We are in the eye of one of the most intense and thorough-going storms of acquisition and consolidation of wealth and power in history, one that is leaving a larger share of humanity out of it's benefits while expanding it's exploitive capabilities over them, and is able, at the very same moment, to tell the world with a straight face that it is about empowerment for all! The supposed unwitting co-conspirator artists of the original Art Strike critique ten years ago seem ineffectual and useless by comparison. And so they are, to the dot-com culture. As a result, there is no urge or need felt to assist, or even tolerate, art making in 'their' acquired environment. Artists and art organizations are subject to the same rigors of the market place as the dot-com-ers, and inevitably lose and are forced out. Further, by usurping the role of the alternative, the digital paradigm seeks to own the very conditions of experience (sadly, not just metaphorically!) by eliminating all portals of experience outside of it's control, other than the immediate lived experience, and by coaxing younger and younger children to avoid even lived experience as much as possible. The result is a completely commodified condition available for experience. The issue of what information and opinion is available becomes moot in such a world -it is as if everyone is given a white piece of paper and a white crayon, and are told that they are free to write whatever they please, and are further free to read, and believe, whatever anyone else has written! It is a cultural slavery of digital literacy with many perceived, but no real, alternatives. One of the cultural smokescreens that is used to hide this usurpation is the celebration and support of the 'civic art institutions' by the digital elite. By pointing to the increased adventurism of mainstream institutions, and their growing popular support, they argue that art making is alive and well in San Francisco. Unfortunately, this is a classic conflation of cause and effect. For an increasing lack of actual art making in this city, which is directly the result of the economic conditions created by the frenzy of acquisition, the powers that be point to the institutions that behave most acquisitively as the evidence of the dynamic's non-existence. There is no denying that art, even great art, exists in these institutions, but for a lack of context that healthy on-going art making provides in a community, those works are in grave danger of becoming meaningless. The institutions are increasingly becoming acquisitive archives of texts written in a language no longer spoken. No matter their original vitality, they become archaic and meaningless under such conditions. Nothing happens without unforeseen consequences, however, and this dynamic, though suffuse with unseemly strength, proves that rule.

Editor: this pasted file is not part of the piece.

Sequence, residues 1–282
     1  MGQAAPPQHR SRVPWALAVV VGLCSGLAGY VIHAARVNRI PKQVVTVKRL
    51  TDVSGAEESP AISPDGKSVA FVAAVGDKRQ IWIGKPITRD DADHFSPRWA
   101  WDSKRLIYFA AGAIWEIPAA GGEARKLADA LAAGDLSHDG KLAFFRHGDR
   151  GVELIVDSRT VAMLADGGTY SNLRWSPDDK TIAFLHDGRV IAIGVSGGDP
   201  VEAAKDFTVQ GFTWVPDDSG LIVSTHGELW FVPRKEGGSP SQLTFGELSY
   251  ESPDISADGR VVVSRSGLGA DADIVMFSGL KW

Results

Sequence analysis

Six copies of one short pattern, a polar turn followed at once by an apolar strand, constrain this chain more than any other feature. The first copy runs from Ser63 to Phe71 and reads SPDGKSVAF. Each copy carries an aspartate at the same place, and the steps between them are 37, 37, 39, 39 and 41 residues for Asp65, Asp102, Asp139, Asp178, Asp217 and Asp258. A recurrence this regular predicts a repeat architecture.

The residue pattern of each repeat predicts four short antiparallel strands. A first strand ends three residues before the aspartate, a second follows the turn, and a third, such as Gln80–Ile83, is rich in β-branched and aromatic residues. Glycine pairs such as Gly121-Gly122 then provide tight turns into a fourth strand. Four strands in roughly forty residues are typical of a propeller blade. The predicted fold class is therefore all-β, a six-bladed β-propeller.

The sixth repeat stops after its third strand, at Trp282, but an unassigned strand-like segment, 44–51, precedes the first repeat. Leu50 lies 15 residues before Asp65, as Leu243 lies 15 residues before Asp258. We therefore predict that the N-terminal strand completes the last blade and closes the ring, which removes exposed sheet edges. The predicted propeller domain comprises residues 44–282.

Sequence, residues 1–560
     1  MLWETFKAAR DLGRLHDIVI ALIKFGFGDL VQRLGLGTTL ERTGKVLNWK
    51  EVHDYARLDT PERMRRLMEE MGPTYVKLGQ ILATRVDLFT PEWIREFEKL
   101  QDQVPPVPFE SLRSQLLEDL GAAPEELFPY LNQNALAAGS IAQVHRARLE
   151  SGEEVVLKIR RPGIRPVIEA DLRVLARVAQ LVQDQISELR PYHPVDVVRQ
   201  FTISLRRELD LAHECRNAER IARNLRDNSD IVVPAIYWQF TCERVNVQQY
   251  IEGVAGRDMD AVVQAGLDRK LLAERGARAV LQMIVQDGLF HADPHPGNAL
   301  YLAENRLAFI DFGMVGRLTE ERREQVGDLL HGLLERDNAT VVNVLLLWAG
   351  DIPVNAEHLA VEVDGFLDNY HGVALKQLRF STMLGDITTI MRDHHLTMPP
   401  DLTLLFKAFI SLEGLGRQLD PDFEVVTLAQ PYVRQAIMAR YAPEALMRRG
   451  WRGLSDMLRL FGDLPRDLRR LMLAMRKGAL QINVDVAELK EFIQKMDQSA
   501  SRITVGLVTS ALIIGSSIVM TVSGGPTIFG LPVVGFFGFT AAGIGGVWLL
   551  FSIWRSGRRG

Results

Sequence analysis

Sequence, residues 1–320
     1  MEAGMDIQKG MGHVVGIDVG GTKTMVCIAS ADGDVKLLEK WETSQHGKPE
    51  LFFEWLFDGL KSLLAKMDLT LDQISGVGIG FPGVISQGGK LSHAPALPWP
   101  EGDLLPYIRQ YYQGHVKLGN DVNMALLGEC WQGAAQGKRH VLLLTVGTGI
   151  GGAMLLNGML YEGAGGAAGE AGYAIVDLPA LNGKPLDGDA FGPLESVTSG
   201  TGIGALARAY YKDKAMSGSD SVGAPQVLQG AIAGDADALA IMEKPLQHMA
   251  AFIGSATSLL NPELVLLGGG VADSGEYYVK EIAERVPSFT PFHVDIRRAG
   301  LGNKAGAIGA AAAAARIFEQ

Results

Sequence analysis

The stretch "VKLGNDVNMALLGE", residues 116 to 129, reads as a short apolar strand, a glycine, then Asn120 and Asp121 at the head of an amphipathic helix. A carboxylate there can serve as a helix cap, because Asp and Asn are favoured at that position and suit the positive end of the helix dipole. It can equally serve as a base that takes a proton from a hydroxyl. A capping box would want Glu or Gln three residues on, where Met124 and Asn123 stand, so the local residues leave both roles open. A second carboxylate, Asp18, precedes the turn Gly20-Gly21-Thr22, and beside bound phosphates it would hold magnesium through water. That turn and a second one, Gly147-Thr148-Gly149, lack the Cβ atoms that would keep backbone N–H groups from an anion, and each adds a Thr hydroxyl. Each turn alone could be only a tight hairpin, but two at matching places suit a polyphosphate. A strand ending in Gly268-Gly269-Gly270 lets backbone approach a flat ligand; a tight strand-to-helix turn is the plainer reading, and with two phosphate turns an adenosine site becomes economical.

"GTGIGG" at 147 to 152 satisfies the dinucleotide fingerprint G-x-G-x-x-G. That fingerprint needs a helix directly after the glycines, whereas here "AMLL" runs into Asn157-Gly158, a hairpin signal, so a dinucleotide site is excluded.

If art was indeed a dupe of capital at one time to a degree sufficient to call for an Art Strike, then it is now without question a true outsider, and though difficult and embattled a position as that may be, spiritually and materially, in San Francisco in the year 2000, it also affords those art-makers that are left a rare opportunity to truly fight for its' own, and humanist cultures', very survival.
ART STRIKE'S BACK!!!!!!!!!